A Simple Sourdough Boule Recipe

A sourdough boule is a traditional French bread, shaped like a ball. For those looking to get into sourdough baking for the first time, it’s a great and rewarding entry point.

For this great recipe, courtesy of our friend and sourdough expert Vanessa Kimbell, you’ll need 4 hours for dough prep. This allows enough time to mix, fold and shape the dough. Additionally, you’ll need to rest the sourdough in a fridge overnight.

If you don’t have a sourdough starter to use, you can simply buy one from us here.

If you don’t want to round the dough, using a banneton or bowl, you could use a simple greased 2lb loaf tin.


  • 1 mixing bowl and whisk
  • 1 round banneton
  • 2 clean tea towels or linen
  • 1 bread pan
  • 1 large tray pan
  • 1 sharp knife or ‘lame’


The recipe will make 1 large loaf.



Mix stage

First, pour all but 1/4 cup of the water, along with your sourdough starter mix, into the mixing bowl. Mix this together well, using a whisk. Add the flour and continue to mix, now using your hands.

Once mixed, leave the dough on the surface and rest for 30 minutes to 2 hours. Cover loosely with a clean and damp cloth. Alternatively, use a proofer like the Brod & Taylor to control humidity. The longer you leave the dough, the more the taste will develop.

Mixing sourdough boule dough
Mixing sourdough boule dough by hand

Fold stage

Combine salt with a small amount of water (1/4 cup). Mix thoroughly until combined. Poke your finger into the dough several times to make some small dimples and pour, into them, the salty solution. Allow the dough to rest 10 minutes while the water dissipates through the dough.

Now fold the dough in half, turn the bowl a quarter and repeat this 3 more times. Repeat this process another 3 times at 30 minute intervals.

Rest for a further 15 minutes.

Folding sourdough boule dough by hand
Folding sourdough boule dough by hand

Shape stage

Using your hands, shape the dough into a round ball shape. Place the round ball of dough into a dusted banneton. If you don’t have a banneton, use a large bowl, lined with a dusted tea towel. Cover the dough with a 2nd damp tea-towel.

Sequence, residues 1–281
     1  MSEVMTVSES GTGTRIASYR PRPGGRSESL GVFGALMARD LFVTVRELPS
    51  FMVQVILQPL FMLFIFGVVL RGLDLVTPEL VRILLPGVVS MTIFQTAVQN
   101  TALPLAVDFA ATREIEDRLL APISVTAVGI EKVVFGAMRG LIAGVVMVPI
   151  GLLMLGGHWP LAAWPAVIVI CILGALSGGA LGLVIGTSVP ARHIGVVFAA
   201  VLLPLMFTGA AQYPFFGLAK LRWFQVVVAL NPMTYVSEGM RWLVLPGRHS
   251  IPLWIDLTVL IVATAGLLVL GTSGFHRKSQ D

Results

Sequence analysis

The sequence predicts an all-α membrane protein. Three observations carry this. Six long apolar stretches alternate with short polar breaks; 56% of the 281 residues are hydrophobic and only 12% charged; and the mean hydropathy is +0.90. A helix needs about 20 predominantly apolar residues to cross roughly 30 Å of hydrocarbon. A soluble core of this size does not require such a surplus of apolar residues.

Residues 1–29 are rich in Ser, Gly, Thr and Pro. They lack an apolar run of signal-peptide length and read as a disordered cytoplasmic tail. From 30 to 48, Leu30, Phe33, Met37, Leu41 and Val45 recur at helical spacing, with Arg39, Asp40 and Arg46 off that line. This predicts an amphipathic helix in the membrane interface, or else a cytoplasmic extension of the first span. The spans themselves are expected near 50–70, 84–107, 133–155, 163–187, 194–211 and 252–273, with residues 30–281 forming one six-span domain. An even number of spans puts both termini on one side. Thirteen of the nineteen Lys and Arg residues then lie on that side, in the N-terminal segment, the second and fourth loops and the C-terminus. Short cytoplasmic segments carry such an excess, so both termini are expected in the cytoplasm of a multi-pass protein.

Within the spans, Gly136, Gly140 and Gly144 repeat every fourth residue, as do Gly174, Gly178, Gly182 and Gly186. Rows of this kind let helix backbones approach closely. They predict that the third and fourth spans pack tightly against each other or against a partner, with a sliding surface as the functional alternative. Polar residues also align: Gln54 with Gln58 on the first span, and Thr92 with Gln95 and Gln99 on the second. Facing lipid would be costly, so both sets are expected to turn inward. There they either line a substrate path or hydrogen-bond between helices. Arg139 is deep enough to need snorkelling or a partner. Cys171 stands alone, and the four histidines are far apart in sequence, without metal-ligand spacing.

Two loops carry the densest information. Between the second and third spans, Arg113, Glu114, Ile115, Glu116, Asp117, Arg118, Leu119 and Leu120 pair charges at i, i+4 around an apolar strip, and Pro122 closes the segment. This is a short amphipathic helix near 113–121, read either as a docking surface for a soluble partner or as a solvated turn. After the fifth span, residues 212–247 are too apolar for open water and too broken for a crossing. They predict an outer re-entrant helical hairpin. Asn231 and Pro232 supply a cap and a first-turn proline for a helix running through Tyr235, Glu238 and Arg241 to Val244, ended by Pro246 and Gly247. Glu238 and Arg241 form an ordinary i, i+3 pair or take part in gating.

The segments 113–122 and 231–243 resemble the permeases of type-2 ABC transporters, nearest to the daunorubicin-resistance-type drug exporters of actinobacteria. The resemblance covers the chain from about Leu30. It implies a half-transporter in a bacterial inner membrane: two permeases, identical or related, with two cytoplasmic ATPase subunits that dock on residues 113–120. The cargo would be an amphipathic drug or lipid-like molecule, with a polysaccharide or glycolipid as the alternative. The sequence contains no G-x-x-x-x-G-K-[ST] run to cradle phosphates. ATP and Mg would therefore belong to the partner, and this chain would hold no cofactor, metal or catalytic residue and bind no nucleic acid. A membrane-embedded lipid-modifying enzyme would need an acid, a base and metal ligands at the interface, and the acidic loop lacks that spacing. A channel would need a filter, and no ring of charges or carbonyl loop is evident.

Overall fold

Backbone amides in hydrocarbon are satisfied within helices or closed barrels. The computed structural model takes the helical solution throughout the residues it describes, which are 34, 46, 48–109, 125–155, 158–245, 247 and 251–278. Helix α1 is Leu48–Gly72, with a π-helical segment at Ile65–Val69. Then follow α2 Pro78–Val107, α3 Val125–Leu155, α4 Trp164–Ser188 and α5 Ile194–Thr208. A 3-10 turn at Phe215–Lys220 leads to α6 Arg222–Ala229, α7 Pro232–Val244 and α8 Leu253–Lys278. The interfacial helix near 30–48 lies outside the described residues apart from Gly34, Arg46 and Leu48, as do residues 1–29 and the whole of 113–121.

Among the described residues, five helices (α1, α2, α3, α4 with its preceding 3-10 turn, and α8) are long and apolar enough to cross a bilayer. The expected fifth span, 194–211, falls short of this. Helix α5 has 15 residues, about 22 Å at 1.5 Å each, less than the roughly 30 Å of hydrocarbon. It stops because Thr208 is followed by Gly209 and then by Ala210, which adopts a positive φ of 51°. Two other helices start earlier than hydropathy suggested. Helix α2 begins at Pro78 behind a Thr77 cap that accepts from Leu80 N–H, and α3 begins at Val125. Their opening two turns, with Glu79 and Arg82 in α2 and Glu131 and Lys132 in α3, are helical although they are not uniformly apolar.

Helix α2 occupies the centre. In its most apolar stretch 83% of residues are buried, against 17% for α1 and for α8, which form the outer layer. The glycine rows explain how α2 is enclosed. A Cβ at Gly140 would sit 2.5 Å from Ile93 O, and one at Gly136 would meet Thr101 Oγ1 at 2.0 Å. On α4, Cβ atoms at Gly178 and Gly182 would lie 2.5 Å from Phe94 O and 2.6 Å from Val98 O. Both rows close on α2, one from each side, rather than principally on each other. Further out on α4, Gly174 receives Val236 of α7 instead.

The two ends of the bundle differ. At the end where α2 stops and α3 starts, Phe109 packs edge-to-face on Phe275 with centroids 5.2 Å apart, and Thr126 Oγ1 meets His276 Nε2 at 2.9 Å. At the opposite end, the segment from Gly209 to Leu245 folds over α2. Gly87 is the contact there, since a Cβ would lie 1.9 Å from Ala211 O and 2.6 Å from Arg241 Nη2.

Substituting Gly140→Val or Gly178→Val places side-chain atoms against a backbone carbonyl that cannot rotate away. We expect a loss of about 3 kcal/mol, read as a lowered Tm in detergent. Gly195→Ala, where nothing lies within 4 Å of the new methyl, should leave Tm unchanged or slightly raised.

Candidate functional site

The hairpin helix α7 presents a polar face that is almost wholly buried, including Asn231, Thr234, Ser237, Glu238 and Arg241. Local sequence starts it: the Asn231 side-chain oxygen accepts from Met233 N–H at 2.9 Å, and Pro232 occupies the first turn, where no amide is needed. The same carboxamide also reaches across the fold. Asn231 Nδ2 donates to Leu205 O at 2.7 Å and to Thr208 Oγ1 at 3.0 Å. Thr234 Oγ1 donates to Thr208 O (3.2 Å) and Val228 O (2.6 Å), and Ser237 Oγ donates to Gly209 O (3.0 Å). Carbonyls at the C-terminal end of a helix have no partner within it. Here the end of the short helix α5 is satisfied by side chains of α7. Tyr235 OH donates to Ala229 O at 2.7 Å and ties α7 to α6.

Shaping a sourdough boule
Shaping a sourdough boule





Prove stage

Rest your dough at room temperature. Once the dough volume has doubled, place in the fridge. Leave your dough in the fridge for 8 to 12 hours.

Sourdough boule proving in a banneton
Sourdough boule proving in a banneton

Bake stage

Preheat your oven to 220°C. Once heated, place your bread pan or baking steel into the oven. Additionally, add a pan of hot water to the floor of the oven. The steam helps to moisten the crust and thus allows the bread to expand more freely. It will also help to draw starch to the surface, giving a beautiful brown coat.

Depending on your bread pan or steel of choice, you’ll need to allow the equipment to warm up. This can vary. For a cast-iron Challenger bread pan, it’s recommended to heat up for 45 minutes. A baking steel will heat up faster at roughly 30 minutes. Once the pan or steel has been heated, carefully remove it from the oven. Dust with a thin coat of semolina to help avoid dough sticking. Carefully place on your dough, slash the top layer of skin with a lame or sharp bread knife. This will create texture as the bread bakes.

Return to the oven at 220°C and bake for 1 hour.

If you are using a bread pan with lid or a dutch oven, remove the lid, reduce the heat to 180°C and bake for another 10-15 minutes. This will help to brown your bread crust and develop taste.

Simple Sourdough Boule sliced
Simple sourdough boule sliced


Leave your sourdough boule to cool for a day before storing in an airtight container of cotton bread bag.

  • * To make the 100g of starter, needed for this recipe use 1 tablespoon of sourdough starter, 40g of water and 40g of strong white flour, mix well and leave, covered on the side in the kitchen in the morning. It will be lively and bubbly and ready to bake with in the evening.

To avoid a crunchy crust, simply wrap the cooked bread in a clean tea towel. Do this while the bread is warm to rehydrate the crust from the omitted steam.


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